In Bobrow v. Commissioner, T.C. Memo. 2014-21 (2014), the Tax Court determined that there should be just one IRA rollover permitted per year. The taxpayer had created multiple IRAs and was extending the loan longer than the normal 60 day rollover period through sequential IRA distributions and rollovers. The court determined that rollovers under Sec. 408(d)(3) would be limited to one per year.

However, the IRS determined that there should be a transition rule. The Announcement notes that the 2014 rollovers “will have no impact on any distribution and rollovers during 2015 involving any other IRAs owned by the same individual.” The purpose of the announcement is to allow a transition rule that enables an individual to have a “fresh start” for 2015. If there were rollovers from IRAs in 2014, those will not impact a rollover from another IRA during 2015. However, all IRAs in 2015 and subsequent years will be aggregated and treated as one IRA for rollover purposes.

Editor’s Note: The 60 day period under Sec. 408(d)(3)(A)(i) was intended to facilitate rollovers of IRAs where the individual actually received funds. The new rule continues to allow this type of rollover. However, it will not be possible to create multiple IRAs and in effect use a series of 59 day rollovers to create a permanent loan against the IRA. There now will only be one permitted rollover per year.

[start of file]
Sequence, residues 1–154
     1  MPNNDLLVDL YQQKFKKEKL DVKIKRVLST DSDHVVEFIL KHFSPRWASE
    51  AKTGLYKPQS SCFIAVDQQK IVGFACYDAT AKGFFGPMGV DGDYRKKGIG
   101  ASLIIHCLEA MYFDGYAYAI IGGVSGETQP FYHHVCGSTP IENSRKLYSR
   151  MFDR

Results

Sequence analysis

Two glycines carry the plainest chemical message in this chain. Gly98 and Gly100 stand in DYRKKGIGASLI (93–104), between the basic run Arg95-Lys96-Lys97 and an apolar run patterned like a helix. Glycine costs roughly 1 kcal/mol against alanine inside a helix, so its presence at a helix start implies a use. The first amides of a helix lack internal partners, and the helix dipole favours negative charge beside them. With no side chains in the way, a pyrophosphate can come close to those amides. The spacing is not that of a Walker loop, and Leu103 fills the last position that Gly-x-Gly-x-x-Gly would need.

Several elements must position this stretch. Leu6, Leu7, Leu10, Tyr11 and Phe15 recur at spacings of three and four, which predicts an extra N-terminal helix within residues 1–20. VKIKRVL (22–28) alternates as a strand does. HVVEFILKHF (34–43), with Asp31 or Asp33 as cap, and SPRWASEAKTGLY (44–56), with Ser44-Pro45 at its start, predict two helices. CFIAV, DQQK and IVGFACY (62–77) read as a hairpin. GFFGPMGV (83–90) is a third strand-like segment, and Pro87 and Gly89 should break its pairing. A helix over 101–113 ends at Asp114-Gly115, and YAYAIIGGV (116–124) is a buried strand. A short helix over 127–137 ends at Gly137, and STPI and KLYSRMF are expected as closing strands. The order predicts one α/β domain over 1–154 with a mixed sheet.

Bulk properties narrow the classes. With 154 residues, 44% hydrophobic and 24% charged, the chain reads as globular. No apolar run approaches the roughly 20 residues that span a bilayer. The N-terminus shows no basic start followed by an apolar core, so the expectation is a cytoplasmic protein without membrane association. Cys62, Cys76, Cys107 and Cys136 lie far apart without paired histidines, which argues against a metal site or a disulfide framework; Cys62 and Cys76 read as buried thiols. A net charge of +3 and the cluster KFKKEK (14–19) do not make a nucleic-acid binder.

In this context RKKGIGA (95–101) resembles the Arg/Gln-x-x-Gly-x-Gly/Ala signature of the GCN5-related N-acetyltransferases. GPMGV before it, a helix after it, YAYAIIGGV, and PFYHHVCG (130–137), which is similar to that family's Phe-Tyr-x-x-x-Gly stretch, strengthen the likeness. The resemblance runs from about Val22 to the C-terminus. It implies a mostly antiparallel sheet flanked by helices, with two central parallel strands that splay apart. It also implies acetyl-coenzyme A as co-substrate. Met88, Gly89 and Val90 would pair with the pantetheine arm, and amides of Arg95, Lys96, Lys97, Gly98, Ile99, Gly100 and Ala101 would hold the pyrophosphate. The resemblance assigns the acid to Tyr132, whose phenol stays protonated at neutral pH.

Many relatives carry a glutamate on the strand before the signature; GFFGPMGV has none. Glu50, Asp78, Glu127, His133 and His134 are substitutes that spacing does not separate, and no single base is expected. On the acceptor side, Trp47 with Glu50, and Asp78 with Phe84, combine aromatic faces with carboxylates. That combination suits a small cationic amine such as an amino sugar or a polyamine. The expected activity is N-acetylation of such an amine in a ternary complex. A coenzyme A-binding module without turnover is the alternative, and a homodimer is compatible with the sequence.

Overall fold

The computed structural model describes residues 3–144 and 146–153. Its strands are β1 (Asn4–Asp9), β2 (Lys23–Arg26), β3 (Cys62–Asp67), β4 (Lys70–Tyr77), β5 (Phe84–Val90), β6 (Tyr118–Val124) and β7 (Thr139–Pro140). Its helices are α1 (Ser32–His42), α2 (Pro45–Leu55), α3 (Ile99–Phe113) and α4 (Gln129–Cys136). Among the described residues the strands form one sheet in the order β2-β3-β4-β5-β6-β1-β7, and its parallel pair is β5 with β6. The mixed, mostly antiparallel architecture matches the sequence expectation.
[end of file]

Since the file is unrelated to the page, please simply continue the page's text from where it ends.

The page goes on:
Applicable Federal Rate of 2.2% for November -- Rev. Rul. 2014-28: 2014-45 IRB 1 (17 Oct 2014)

The IRS has announced the Applicable Federal Rate (AFR) for November of 2014. The AFR under Section 7520 for the month of November will be 2.2%. The rates for October of 2.2% or September of 2.2% also may be used. The highest AFR is beneficial for charitable deductions of remainder interests. The lowest AFR is best for lead trusts and life estate reserved agreements. With a gift annuity, if the annuitant desires greater tax-free payments the lowest AFR is preferable. During 2014, pooled income funds in existence less than three tax years must use a 1.4% deemed rate of return. Federal rates are available by clicking here.

Published November 14, 2014